"How did NIS 17 million disappear from the joint assets line of the company's balance sheet and appear elsewhere?" the astonished owners of bonds in the Boulos Tourism company are asking themselves. The bonds, issued two years ago together with an enticing package entitled "Las Vegas on the Water," are currently trading at a junk-bond yield of 190 percent. This type of yield expresses the negligible chance that Boulos will in fact pay all its obligations to bondholders.
Troubled bondholders are now seeking more detailed answers than those being provided by Boulos's management. The bonds' trustee, Investec's trust company, has begun to take legal action against Boulos, including the filing of a petition for the appointment of a receiver for the company. Attorney Pinhas Rubin is the candidate for the position of receiver. The trustee is demanding that the court allow bondholders to seize shares and real estate that are attached to the debt. It appears, however, that even the seizing of assets will be hard pressed to cover Boulos's enormous debts, which amount to almost NIS 13 million.
Boulos has published three yearly balance sheets since mid-1999. The first, which was attached to the prospectus published in July 2000, does not include special assets and actually reflects a registered company without activities or assets. In April 2001, after raising funds via a bond issue, Boulos published its 2000 financial report. The "joint assets" column of the balance sheet included two assets with an aggregate value of NIS 16.5 million. The first is a debt belonging to the holding company, Boulos Gad (NIS 6.8 million) and the second is the debt of the company's controlling shareholder, Ibrahim Boulos (NIS 9.7 million).
The third annual balance sheet, for the 2001 fiscal year, was published in April 2002. The two debts do not appear on the assets page of the 2001 balance sheet, having been offset by net losses of NIS 8 million that were incurred by Boulos in 2002 and a NIS 7 million increase in fixed assets.
The changes in Boulos's balance of assets in the past two years raise a number of questions. One astonishing thing, for example, is the issue in 2000 of share capital for the holding company in exchange for the transfer of real estate and construction activities valued at NIS 14 million.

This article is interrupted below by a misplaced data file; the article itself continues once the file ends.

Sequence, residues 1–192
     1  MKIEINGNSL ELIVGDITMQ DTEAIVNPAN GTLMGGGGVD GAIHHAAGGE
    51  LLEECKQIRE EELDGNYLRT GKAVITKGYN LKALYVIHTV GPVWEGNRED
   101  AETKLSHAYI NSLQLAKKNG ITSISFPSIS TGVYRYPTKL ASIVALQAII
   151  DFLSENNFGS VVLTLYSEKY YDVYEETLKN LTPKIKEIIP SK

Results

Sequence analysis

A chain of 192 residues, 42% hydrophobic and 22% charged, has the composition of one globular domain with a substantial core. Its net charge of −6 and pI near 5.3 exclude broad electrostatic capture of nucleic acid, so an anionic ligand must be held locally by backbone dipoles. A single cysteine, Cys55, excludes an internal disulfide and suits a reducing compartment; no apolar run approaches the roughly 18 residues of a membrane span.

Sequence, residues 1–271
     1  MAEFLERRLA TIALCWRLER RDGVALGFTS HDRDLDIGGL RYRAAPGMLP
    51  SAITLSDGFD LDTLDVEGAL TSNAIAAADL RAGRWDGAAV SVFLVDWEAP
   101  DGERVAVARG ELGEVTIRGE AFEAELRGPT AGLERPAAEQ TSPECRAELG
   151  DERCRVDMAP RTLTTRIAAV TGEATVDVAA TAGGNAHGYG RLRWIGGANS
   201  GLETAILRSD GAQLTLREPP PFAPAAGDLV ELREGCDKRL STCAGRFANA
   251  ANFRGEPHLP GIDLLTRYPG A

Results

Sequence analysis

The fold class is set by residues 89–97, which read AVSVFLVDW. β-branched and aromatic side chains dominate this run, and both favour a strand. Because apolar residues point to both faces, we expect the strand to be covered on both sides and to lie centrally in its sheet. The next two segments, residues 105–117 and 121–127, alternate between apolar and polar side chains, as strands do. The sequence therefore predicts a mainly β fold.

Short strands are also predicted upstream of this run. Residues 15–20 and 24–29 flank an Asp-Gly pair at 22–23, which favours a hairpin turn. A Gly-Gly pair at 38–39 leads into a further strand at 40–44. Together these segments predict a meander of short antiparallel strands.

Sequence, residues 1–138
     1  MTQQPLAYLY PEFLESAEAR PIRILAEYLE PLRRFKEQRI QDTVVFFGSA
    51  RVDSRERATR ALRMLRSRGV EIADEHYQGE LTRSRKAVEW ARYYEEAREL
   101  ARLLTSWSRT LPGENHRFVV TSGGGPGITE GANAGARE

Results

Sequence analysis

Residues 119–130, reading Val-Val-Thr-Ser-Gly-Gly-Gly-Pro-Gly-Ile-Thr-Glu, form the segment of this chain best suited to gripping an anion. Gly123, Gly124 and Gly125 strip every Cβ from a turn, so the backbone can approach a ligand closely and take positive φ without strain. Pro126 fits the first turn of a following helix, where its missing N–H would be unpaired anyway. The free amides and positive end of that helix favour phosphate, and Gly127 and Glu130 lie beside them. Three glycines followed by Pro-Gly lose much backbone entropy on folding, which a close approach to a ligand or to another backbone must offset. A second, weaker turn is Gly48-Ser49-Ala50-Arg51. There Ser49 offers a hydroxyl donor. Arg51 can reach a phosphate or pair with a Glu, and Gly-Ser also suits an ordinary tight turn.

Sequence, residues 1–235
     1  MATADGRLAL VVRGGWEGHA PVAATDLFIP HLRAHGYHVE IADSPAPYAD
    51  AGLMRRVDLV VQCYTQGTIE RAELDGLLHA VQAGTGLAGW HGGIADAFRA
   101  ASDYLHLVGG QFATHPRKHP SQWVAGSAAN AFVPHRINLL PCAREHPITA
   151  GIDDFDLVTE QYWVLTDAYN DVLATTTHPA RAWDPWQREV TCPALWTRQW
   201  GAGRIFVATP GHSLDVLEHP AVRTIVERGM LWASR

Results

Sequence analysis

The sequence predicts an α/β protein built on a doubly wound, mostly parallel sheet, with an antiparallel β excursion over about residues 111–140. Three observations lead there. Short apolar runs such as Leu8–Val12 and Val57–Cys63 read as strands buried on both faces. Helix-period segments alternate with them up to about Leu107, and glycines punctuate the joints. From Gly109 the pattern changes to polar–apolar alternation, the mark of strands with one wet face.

Another oddity concerns a loan received by the company's controlling shareholder. The debt to the tune of NIS 10 million that Boulos owes the company was repaid via the purchase of a ship. Why couldn't the company have purchased the ship directly? Why did it have to first transfer the funds to the controlling shareholder?
The balance sheet and the financial reports are signed by the Brightman accounting firm, whose association with the Boulos group ceased after the publication of the 2000 report. The 2001 balance sheet is signed by the Walid Said accounting firm of Acre.
Boulos said last Wednesday that the Boulos Gad debt was erroneously listed in the 2001 balance sheet as a debt. "In fact," says Boulos, "Boulos Tourism paid Boulos Gad for construction work. That's how the mistake was made. In the 2001 balance sheet, the mistake was corrected and the funds were not listed as an asset."
Regarding the NIS 10 million debt that Boulos owes the tourism company personally, the controlling shareholder says that he received the funds as a trustee and transferred them to the ship's owner, partially for rent, partially for payment of operating expenses and partially as installments for the purchase of the ship. He notes that it was Brightman who demanded that the funds be registered as his personal debt to the company. "There are receipts for all the installments I paid," says Boulos. "Everything is in order."
Iris Shlevin, director-general of Investec's trust company, is not satisfied with the answers provided by Boulos and Said. Shlevin said Wednesday that she didn't understand how the loans had been registered on the company's balance sheet and had then disappeared. The big question is why Boulos had to receive the money in order to buy the ship.
"If the company wants to buy a ship it should do so on its own," said Shlevin, adding that the trust company had demanded explanations from Boulos and had received different answers each time. "We never received anything in writing," she noted.
In July 2000, Boulos Tourism issued NIS 25 million worth of bonds. The issue was conducted after two months during which the Boulos Gad shares registered impressive gains on the stock exchange and options on the shares skyrocketed by about 350 percent. Boulos designated most of the funds from the bond issue for the purchase of a cruise ship that it had been renting from a Cypriot company.
The marketing efforts surrounding the bond issue rode the developing cultural wave of "the gambling Israelis," who spend most of their holiday money at duty-free stores. These efforts also included the vision of a wave of incoming tourism in 2000 that would bring handsome revenues to the Novotel hotel and a holiday complex being built in Acre.
Boulos himself helped market the bond issue by granting newspaper interviews in which he expressed his astonishment at the great interest in the ship. In one interview, he noted that the gambling turnover was twice as much as had been anticipated.
As of this writing, Boulos's cruise ship is not operating and is docked in a Greek port. The building permit for the hotel has expired and Boulos Tourism is still considering what to do with the land designated for the promising hotel, "in light of the deep recession in the [hotel] industry."
Boulos said Wednesday that there was a legal dispute over the ownership of the ship between Boulos and the company from which the ship was rented.
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